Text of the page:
By Rob Williams, Director of Research
A recent trend in commentaries has had some disturbing elements, including suggestions that a traditional 60/40 portfolio no longer provides diversification, that bonds should be replaced with cash over the longer term, and that Treasuries no longer provide a hedge during equity drawdowns. As a fixed income manager, we’ve seen tightening cycles come and go, and we’ve learned that there is always a place for fixed income.
Duration works both ways. Why do bonds provide downside protection in a rough equity market? It’s about Treasuries and duration, not yield. In the short run, the safest sector (Treasuries) and longest duration provide the best protection. Fixed income indices have longer duration due to low yields, which has increased downside risks and is ammunition for the argument for owning less bonds (see table on p.2). But this works both ways and suggests that the diversification benefits of bonds during an equity correction will be higher.
The Fed cycle doesn’t mean deep negative returns, and bonds rally into the end of the cycle. Over the near-term, carrying less interest rate risk makes sense; bonds typically have lower-than-average returns going into and during the early phase of a tightening cycle, but they have never had deeply negative returns. Further, the damage is followed consistently by a rally into the end of the cycle. So while the 60/40 allocation may be weighed down in the near-term, bonds become increasingly attractive as the backdrop becomes higher fixed income yields, slower growth, and a post-Fed cycle rally that favors duration.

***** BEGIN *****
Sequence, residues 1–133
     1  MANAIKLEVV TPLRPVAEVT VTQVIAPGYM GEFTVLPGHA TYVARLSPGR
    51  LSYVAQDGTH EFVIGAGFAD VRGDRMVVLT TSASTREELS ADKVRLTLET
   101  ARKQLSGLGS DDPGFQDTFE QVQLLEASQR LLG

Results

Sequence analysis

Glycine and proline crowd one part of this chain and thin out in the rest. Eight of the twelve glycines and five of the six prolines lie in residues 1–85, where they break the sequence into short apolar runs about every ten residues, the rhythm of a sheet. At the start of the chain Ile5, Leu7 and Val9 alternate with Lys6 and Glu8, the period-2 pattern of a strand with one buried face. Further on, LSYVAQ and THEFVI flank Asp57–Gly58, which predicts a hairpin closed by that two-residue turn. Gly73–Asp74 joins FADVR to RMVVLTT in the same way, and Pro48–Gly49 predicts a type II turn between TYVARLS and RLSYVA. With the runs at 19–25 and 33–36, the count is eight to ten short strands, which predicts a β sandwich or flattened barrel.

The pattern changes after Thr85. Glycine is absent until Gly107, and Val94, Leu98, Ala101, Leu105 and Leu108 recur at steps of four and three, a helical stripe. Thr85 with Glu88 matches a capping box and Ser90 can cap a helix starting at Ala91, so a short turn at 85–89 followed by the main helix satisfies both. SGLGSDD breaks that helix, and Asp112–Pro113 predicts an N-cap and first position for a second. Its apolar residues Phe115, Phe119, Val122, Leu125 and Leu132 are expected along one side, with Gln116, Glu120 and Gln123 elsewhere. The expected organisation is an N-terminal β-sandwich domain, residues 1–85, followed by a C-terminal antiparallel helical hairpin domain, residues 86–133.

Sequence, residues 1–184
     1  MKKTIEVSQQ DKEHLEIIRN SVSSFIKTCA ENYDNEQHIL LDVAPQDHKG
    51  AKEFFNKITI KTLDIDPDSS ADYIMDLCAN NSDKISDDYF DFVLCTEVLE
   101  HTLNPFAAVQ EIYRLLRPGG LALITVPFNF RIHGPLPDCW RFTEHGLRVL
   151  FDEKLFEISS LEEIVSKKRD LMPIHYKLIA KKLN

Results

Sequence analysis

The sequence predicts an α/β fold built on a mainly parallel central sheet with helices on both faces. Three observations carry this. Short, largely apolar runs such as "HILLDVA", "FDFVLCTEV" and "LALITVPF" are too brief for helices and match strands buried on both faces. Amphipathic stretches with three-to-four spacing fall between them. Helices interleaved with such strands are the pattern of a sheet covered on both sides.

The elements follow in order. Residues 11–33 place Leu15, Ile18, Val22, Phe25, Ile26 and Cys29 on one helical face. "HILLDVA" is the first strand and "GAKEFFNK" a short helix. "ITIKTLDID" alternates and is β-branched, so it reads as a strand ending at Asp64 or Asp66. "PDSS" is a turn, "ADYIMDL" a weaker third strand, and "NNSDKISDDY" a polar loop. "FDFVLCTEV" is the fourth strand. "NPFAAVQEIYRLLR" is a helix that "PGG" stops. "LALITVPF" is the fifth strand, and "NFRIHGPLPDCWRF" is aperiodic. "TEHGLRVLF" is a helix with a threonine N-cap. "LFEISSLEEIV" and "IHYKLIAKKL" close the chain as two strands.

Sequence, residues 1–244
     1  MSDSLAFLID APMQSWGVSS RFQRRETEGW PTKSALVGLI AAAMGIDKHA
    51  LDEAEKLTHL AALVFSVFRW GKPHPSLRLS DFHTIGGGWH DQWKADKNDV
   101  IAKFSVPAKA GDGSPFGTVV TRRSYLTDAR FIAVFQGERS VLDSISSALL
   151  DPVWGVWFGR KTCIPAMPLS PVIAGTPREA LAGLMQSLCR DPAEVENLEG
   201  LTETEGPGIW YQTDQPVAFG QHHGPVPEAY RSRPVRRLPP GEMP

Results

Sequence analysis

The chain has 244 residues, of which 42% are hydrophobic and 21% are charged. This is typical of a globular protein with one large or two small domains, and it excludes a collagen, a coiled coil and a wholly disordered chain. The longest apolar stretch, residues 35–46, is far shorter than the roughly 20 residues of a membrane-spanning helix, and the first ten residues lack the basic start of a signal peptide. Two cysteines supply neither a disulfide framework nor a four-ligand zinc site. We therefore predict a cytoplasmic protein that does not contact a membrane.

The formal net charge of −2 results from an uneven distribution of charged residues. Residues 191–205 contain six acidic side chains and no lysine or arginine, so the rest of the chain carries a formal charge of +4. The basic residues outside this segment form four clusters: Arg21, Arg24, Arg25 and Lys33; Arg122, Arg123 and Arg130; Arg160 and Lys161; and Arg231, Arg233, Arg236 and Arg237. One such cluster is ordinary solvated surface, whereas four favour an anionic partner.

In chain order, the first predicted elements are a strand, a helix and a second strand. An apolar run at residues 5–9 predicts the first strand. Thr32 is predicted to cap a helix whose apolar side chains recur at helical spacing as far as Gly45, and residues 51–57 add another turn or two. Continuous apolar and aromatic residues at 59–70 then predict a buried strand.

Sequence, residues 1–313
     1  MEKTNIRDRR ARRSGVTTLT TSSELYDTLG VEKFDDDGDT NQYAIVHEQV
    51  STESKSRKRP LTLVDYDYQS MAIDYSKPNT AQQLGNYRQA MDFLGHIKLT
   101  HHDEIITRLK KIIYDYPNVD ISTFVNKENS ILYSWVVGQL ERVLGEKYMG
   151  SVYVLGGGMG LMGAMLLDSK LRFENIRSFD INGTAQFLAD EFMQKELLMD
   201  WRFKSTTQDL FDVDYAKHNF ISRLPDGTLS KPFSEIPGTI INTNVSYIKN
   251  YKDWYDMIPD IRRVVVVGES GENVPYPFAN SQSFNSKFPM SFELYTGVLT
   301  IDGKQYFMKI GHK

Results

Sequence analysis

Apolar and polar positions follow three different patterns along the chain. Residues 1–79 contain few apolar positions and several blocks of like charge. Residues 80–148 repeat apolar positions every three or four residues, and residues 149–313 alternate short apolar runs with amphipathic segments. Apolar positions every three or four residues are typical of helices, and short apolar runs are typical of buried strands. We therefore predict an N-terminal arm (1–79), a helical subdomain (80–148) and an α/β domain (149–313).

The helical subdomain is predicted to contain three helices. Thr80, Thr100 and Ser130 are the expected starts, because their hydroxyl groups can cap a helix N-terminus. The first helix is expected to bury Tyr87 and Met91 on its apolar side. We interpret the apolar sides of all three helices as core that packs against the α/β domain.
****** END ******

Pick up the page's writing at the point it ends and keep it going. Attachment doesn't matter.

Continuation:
BOTTOM LINE FOR INVESTORS
While no one solution is right for every investor, below are three strategies to keep fixed income in the mix.
Ride it out in the intermediate term. For conservative investors, an actively managed intermediate gov/credit strategy has been a good place to ride out a tough fixed income market. Its duration profile has led to relatively limited downside in tightening cycles, especially with the ability to shorten duration and manage yield curve exposure to benefit from rising short-term yields. It also has enough duration to benefit from the post-cycle rally.
Shift to lower duration, then rotate back. For those who are more sensitive to downside risk, a short duration fixed income strategy makes sense. The short gov/credit index has provided positive returns in the last four tightening cycles and should consistently out-yield cash if actively managed. Since most fixed income damage is done very early, we believe a rotation out of short and back into intermediate or longer duration will make sense early in the tightening cycle (possibly mid-to-late 2022).
Shift a portion to Core Plus or MAI. For more aggressive and opportunistic fixed income investors, shifting a portion to a higher-yielding Core Plus or Multi Asset Income strategy makes sense. Core Plus will introduce lower interest rate-sensitive sectors and increase the yield and upside if equity market momentum continues, while not adding outright equity exposure. MAI will give investors an equity overweight, consistently higher yield than core fixed income and cash, and is managed to control overall volatility.
Sources for all charts are Sage, Bloomberg.
Indices for table: Cash Proxy– Bloomberg 1-3 Treasury Bill Total Return Index; Bloomberg Aggregate Bond; Bloomberg Short Gov/Credit, Intermediate Gov/Credit, Treasury Index; S&P 500
Performance represented is gross of fees.
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